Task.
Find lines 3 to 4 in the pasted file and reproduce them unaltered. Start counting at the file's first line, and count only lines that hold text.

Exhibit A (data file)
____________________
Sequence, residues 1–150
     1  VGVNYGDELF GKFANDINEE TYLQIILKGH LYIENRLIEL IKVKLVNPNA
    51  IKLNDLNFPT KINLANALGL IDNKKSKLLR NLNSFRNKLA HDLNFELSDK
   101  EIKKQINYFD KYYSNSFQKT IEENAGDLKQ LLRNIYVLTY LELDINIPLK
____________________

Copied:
    51  IKLNDLNFPT KINLANALGL IDNKKSKLLR NLNSFRNKLA HDLNFELSDK
   101  EIKKQINYFD KYYSNSFQKT IEENAGDLKQ LLRNIYVLTY LELDINIPLK